When gilts lose their shine: Christine Stopp explains the risks and advantages of government stock

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----------------------------------------------------------------- Top gilt trusts over three years ----------------------------------------------------------------- Income reinvested Without income reinvested Abtrust Fixed Int. 156.85 Manulife Gilt & FI 131.23 Aetna Preference 152.09 Whittingdale Short Dated 126.82 MIMStar Gilt and Fixed Int. 149.53 Whittingdale Gilt Growth 125.27 Barclays Unicorn Gilt & Fixed Int. 145.58 Abtrust Fixed Int. 121.21 Fidelity Gilt & Fixed Int. 144.72 Standard Life Gilt & Fixed Int. 119.14 Sector average 137.19 113.37 -----------------------------------------------------------------

Value of pounds 100 invested, offer-to-bid, over three years to 1 June, 1993. Source: Micropal

GILTS may be government- backed, but investors can still be stung by them.

Two cases that went to the Investment Ombudsman last year concerned gilt funds and resulted in awards totalling more than pounds 12,000. Investors had put money in on the understanding that it would be secure and were shocked to find that their capital had fallen in value.

Depending on the form in which you choose to invest, gilt funds do not always offer a guaranteed return.

Gilts can be used to provide a totally secure return, with a capital value that will not fall and an income that remains fixed for the life of the stock - but only if the investor buys the stock at or below its par value and holds it to maturity.

Jeremy Alford, of the gilt specialists Whittingdale, agrees that a gilt fund cannot guarantee a return. Gilt unit trusts rarely buy and hold to maturity. Whittingdale's view is that their funds, even after charges, can outperform a static portfolio and investments should be actively managed. Holding to maturity is not the way to get the best returns.

Because funds buy and sell stocks regularly they can make losses as well as gains. The money paid out will also tend to go up and down, broadly reflecting changes in interest rates.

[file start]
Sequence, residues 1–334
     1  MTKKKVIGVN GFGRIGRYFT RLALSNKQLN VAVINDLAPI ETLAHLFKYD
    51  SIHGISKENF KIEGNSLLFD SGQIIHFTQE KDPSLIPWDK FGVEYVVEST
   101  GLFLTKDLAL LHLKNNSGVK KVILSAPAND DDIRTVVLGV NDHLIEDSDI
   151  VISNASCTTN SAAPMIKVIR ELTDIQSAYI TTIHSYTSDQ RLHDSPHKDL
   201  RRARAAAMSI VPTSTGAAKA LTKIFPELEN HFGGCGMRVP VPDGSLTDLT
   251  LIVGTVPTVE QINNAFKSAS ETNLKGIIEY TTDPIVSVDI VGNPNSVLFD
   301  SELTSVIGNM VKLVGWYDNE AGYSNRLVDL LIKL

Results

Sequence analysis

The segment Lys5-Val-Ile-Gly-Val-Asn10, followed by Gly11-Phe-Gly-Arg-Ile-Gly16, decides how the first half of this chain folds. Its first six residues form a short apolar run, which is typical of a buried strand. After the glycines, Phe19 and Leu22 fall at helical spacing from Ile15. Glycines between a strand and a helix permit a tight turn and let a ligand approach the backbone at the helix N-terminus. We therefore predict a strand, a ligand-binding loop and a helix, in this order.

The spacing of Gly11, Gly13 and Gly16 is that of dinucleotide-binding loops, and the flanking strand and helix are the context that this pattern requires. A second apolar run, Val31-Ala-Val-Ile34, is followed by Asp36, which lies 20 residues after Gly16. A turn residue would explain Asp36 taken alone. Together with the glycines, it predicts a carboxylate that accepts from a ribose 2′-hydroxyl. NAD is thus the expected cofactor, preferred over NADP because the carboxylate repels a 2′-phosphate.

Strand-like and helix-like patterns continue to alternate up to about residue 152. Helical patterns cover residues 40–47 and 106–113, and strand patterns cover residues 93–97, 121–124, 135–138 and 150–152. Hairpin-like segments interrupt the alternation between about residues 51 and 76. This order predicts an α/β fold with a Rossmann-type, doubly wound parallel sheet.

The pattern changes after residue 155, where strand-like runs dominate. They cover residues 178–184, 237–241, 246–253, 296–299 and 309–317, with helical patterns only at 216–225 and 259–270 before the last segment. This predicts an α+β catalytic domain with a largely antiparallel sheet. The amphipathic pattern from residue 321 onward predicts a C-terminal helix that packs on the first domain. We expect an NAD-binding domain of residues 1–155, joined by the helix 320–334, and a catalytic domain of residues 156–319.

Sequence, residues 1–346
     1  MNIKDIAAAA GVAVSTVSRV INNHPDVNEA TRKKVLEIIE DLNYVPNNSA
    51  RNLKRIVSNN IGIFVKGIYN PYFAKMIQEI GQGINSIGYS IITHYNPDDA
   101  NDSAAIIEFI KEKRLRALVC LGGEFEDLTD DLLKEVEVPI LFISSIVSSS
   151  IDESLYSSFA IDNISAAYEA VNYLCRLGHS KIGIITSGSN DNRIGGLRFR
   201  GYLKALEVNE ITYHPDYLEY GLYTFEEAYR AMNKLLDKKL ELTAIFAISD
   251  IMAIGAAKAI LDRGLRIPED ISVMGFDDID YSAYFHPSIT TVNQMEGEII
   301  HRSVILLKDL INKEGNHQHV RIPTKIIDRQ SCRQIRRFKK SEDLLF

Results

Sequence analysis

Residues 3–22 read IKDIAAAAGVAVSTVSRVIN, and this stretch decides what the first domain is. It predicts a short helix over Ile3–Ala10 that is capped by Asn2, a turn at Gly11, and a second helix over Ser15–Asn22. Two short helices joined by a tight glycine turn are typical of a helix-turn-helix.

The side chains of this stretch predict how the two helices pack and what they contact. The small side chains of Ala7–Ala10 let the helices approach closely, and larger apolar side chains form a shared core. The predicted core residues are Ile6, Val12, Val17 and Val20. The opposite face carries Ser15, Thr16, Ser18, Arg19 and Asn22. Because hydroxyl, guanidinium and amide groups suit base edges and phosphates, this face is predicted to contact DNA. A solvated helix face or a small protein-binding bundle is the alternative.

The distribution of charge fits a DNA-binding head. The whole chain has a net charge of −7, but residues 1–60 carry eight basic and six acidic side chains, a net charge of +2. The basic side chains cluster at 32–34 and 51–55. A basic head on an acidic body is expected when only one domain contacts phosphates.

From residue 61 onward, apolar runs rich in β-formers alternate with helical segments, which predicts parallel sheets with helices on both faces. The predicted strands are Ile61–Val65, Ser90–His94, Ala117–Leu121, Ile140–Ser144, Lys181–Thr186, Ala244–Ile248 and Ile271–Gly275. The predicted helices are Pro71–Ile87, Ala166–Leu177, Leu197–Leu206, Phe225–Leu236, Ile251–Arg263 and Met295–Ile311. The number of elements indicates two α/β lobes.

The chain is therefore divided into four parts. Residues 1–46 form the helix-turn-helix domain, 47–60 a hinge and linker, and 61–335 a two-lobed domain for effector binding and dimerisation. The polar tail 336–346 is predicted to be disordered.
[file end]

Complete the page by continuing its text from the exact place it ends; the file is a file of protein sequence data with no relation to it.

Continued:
Specially prone to capital losses are all-out income trusts, where the manager invests for yield, sometimes effectively buying dividends at the expense of capital.

Because it offers a higher return than interest rates generally, the market has priced it at a premium to its face value. While the yield during its lifetime will be high, the manager makes a capital loss when he sells.

Some funds, notably offshore funds such as Cater Allen Gilt Income, have developed this process to produce enormous yields, but with a heavy capital cost. The Cater Allen fund, yielding 16.3 per cent, will erode investors' capital at a rate of about 8 per cent a year. The fund is effectively a 10-year annuity, as is made clear by the managers.

Kevin Adams is the manager of the NM Gilt & Fixed Interest Fund, which abolished its initial charge at the end of May. He admits there is a conflict between high income provision and the maintenance of capital gains.

His style of management is based on a 'low risk, active' strategy, moving between shorter- and longer-dated gilts to take advantage of interest rate anomalies.

Gilt unit trusts are mainly designed to produce income, though most UK authorised funds will do their best to protect capital as well.

Fund managers are anxious to distance themselves from the capital-eroding offshore funds.

How can the investor spot the likely strategy of a gilt fund? A rule of thumb, says Mr Alford, is to check its yield against market yields quoted in the papers.

Today's highest available redemption yields are about 8.5 per cent. After an estimated deduction for fund charges, a fund yielding more than 8 per cent is probably sacrificing capital.

Mr Alford says a fund manager can capture capital gains by watching the market and selling at the appropriate moment, whereas the private investor buying such a stock and holding to maturity will make a loss.

Most investors buying at present will be locking into a loss, as almost all gilts in issue are currently trading above par.

The charges on gilt funds vary a lot - the investor might pay from pounds 10 to pounds 60 in initial charges on a pounds 1,000 investment compared with a minimum of pounds 25 or more on the same investment through a stockbroker or a mere pounds 4 through the National Savings Stock Register. Only the NSSR pays dividends gross, though they are still liable to tax.

Because of Budget tax changes the basic rate taxpayer has a slight income tax advantage in a gilt fund compared with holding gilts direct. On a directly held stock, tax at 25 per cent is deducted, whereas from next year only 20 per cent will be taken, leaving the investor with no further tax liability.

For further information on how gilts work, the booklet Investing in Gilts - a Guide for the Small Investor is free from main post offices, by calling freephone 0800 616814, or by writing to the Bank of England, PO Box 96, Gloucester, GL1 1YB.

(Photograph omitted)

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